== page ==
A look at crime and punishment in modern Britain. Louise Minchin and Gethin Jones chart the changes in crime, criminals, police and prisons over the last 60 years.
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On Crime And Punishment today, two events that changed policing and prisons for ever.
Brighton, 1984 - a huge terrorist bomb which made the police
rethink the way they deal with massive public events.
And we revisit the month-long 1990 riots at Strangeways Prison,
which spawned copycat disturbances at jails right around the country,
including here in Bristol.
Political party conferences always give police a major headache.
How do you give delegates the freedom they need to move around,
while keeping them safe from terrorist attack?
The stakes have always been high,
but one event in 1984 made them top priority
Almost 30 years ago, the country woke up to these shocking images.
Overnight, all our beliefs about how secure Britain was
were totally shattered.
Breakfast time, October the 12th, 1984,
presenters and reporters piecing together the unimaginable.
The Prime Minister and her cabinet targeted by an attack which left
five dead and dozens injured.
The Brighton bombing left no-one in any doubt that terrorists
would stop at nothing to bring home their point.
There had always been security around political conferences
but this tragedy revealed massive gaps.
Heather Bould was just 23 at the time.
She was working for a company that provided fax machines for the government,
essential equipment for the Prime Minister's office
which had been set up in the Mrs Thatcher's suite at the hotel.
I was asked to go down the Wednesday morning to teach the people in
the prime Minister's office how to use the equipment.
When it came to getting into the building, and right into the PM's room,
she encountered nothing more than a police sergeant on the door.
He looked me up and down and he said to me, "Go on, off you go.
"You don't look like a terrorist."
That was it.
Heather walked straight in, explained the fax machine to
the Prime Minister's aides and left to go home.
Two days later, she woke to the news of the bombing.
I was only young and I thought it was very startling but
it didn't affect me in the same way that it affected my mother,
who was quite shocked by the thoughts of what
could have happened had it been at another time.
At the time, the authorities believed that the level of policing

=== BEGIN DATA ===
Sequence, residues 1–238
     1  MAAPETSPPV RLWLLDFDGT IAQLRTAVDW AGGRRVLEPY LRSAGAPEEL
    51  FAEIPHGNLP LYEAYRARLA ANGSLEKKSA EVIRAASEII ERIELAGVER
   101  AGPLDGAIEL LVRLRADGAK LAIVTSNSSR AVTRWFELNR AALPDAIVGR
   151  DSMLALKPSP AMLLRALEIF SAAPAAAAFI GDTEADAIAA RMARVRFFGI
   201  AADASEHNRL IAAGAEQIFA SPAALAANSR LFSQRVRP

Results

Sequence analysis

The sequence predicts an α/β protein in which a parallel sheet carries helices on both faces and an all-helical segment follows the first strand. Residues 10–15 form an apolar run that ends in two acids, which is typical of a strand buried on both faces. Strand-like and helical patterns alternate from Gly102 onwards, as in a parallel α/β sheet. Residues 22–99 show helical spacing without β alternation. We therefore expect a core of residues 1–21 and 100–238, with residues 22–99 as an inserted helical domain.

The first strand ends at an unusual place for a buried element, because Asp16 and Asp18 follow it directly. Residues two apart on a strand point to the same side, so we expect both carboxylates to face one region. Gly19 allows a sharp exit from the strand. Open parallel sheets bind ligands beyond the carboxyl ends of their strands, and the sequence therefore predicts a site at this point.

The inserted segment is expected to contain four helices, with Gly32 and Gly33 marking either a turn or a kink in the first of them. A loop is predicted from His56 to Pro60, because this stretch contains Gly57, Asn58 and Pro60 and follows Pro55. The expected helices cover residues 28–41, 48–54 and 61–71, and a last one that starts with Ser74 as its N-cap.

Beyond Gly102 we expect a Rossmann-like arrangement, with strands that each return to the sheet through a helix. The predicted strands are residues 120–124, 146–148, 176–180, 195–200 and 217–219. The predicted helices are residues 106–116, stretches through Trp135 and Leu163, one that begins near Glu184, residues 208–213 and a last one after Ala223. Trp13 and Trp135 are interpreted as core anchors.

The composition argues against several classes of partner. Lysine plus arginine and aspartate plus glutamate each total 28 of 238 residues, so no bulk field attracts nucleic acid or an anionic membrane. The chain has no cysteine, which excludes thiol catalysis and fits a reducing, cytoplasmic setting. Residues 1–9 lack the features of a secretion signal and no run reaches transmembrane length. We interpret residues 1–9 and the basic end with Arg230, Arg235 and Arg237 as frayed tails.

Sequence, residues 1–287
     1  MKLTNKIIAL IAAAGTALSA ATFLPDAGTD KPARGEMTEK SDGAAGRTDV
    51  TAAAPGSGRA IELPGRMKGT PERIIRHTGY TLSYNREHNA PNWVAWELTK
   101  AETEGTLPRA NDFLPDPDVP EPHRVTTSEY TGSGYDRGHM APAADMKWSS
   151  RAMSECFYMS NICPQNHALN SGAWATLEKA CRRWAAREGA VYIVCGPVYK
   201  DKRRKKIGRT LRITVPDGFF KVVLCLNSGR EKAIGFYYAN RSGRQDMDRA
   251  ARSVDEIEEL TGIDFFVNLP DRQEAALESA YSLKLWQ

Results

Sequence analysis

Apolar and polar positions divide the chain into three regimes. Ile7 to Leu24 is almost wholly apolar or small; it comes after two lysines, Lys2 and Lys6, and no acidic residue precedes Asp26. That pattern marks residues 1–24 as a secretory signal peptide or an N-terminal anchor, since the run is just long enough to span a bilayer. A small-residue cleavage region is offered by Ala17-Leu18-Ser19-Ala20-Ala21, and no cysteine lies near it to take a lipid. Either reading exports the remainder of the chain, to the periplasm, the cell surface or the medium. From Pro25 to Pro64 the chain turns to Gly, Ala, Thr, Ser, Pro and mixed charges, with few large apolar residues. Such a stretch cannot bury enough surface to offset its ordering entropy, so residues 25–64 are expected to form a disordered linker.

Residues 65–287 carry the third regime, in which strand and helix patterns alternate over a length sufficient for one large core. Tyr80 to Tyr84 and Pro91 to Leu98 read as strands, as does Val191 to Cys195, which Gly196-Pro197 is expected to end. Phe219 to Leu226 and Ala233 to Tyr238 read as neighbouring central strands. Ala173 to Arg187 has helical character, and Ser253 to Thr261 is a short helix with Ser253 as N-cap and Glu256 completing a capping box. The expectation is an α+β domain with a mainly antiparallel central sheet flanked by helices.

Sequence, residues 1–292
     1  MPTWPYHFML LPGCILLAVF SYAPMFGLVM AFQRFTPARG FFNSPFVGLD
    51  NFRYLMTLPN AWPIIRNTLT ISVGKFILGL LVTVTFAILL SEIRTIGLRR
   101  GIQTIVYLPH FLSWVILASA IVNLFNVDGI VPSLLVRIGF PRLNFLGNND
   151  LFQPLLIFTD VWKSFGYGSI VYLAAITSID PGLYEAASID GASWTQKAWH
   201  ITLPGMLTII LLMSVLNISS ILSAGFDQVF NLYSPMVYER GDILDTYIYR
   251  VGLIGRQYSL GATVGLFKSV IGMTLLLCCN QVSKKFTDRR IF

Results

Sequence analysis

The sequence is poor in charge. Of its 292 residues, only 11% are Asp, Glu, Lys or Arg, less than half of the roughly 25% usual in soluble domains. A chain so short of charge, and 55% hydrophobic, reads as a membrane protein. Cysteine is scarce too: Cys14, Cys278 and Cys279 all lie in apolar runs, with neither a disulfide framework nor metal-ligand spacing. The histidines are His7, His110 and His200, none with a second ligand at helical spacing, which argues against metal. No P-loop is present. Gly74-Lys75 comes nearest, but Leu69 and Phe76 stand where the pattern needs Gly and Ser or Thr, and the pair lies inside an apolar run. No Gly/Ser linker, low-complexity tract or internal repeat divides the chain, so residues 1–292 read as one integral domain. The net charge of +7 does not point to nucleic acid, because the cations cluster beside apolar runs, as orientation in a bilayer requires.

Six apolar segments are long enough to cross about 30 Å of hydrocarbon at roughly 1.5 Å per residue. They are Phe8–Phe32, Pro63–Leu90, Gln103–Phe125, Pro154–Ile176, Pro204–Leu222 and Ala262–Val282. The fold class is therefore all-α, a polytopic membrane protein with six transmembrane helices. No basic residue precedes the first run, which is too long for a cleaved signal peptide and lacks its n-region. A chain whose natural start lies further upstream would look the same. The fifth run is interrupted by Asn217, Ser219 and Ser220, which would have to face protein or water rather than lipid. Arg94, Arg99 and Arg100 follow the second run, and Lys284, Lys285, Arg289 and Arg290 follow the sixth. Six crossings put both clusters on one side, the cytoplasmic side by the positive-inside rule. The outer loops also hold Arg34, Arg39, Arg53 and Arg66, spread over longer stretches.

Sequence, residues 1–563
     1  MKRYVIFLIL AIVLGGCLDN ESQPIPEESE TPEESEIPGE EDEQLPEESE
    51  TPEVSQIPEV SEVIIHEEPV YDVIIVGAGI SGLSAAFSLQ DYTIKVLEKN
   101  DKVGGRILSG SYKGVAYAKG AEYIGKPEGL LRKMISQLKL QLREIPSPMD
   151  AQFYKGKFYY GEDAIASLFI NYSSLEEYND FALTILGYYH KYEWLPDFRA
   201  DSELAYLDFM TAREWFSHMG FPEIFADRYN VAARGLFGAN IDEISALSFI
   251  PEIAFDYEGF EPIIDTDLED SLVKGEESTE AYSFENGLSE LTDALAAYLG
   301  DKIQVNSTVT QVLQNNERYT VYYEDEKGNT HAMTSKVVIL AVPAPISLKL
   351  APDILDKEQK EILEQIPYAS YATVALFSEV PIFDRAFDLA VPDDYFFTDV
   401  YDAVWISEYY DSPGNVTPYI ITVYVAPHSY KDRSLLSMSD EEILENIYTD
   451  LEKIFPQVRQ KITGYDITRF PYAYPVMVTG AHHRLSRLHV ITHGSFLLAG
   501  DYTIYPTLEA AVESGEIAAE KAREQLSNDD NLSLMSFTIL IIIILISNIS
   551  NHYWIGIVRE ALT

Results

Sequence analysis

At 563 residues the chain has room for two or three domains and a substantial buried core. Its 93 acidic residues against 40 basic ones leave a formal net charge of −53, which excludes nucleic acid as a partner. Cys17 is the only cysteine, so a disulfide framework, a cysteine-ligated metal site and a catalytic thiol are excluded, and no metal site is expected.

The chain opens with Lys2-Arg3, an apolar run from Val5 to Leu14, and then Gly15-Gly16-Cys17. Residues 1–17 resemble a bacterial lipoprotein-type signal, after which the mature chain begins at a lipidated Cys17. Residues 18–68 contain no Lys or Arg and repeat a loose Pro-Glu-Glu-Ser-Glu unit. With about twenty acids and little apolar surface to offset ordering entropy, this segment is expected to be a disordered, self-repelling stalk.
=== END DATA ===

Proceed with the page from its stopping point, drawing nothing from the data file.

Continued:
was enough to match the level of threat but it turned out
that it wasn't anywhere near enough, and the threat today is far greater.
Colin Tansley is a security expert who has spent years helping to
keep leaders safe across the world.
In 1984, the main threat to the United Kingdom
was from the provisional IRA.
The IRA understood that there would be casualties of war.
They accepted that people might be killed.
Now the terrorists that we're up against,
their methodology of attack is more brutal than the IRA.
Their goal is to cause an outrage.
It is to cause the spectacular,
and that means by killing as many people as they can.
The policing of party political conferences has changed for ever.
Nowadays, it takes a combination of advanced technology
and many times more manpower to keep everyone safe,
a task that's fallen to Birmingham police.
Security for the 2011 Lib Dem Conference
has taken months of planning.
The control room is set up two miles away from the convention centre so,
if the worst should happen, the operation can still be managed from here.
We've had a broad variety of policing
functions involved in this operation.
The highest risk we've planned for has been the risk of
public disorder through protest that goes beyond being peaceful.
Also, there is always going to be the risk of terrorist attack.
Clearly, there have been lessons in the past.
Most of those lessons have been in the distant past,
but they haven't been forgotten so, therefore,
we plan and prepare to secure the site, secure the conference
and make sure that we don't open ourselves up to any particular risk.
-Morning. Can I use a baton gun, MP5 and stick?
Louise Proffitt is one of the 500 officers
working on the operation every day of the conference.
Just an hour ago, she kissed her 7-year-old daughter goodbye